Both photos show a river flowing at 600 cfs as the Google Earth flyover was August 29, 2011. The debris flow as apparently covered the Rock Garden section of the South Fork, burying that stretch of pocket water just as it enters the Pine Tree Hole.
More amazing is the amount of water backed up with the mud and debris deposited in the river. The water is backed up and at a much higher elevation, so much at the willows and other stream side bushes are inundated, surrounded by muddy waters. This is most apparent along the left bank. At the bottom of the slope the group of trees appears in water too! The water elevation appears to be 2-3 feet higher than normal.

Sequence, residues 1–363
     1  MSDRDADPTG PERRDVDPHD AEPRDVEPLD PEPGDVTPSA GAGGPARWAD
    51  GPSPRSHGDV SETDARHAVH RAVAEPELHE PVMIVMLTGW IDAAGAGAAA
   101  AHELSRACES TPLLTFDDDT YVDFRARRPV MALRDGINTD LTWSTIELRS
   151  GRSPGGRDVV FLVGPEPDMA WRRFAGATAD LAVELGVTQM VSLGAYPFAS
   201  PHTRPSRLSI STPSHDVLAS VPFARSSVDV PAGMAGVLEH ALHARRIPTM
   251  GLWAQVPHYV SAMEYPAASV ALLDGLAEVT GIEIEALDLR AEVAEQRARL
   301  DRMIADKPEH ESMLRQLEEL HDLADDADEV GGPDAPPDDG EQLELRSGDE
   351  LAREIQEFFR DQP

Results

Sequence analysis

This condition will not last as the river will continue to cut a channel through the debris and the smaller size material (silt and sand) will be carried downstream. That Pine Tree Hole is going to be full of material for some time.
How fast the river cuts a channel and clears out the smaller material is going to be affected by how much flow is in the river. The winter time flows of 300 cfs commence on September 16, so what ever energy the river has to move the material downstream will be greatly reduced.
A natural follow-on question is the effect of this and the other debris flows on the South Fork Boise River fishery. This is a question much more difficult to determine at this time. The extent of the numerous locations where flows entered the river and apparently blocks flows on Thursday the 12th must be considered in a cumulative fashion. A full accounting of the flows and estimates of each disturbance event would be a good first step.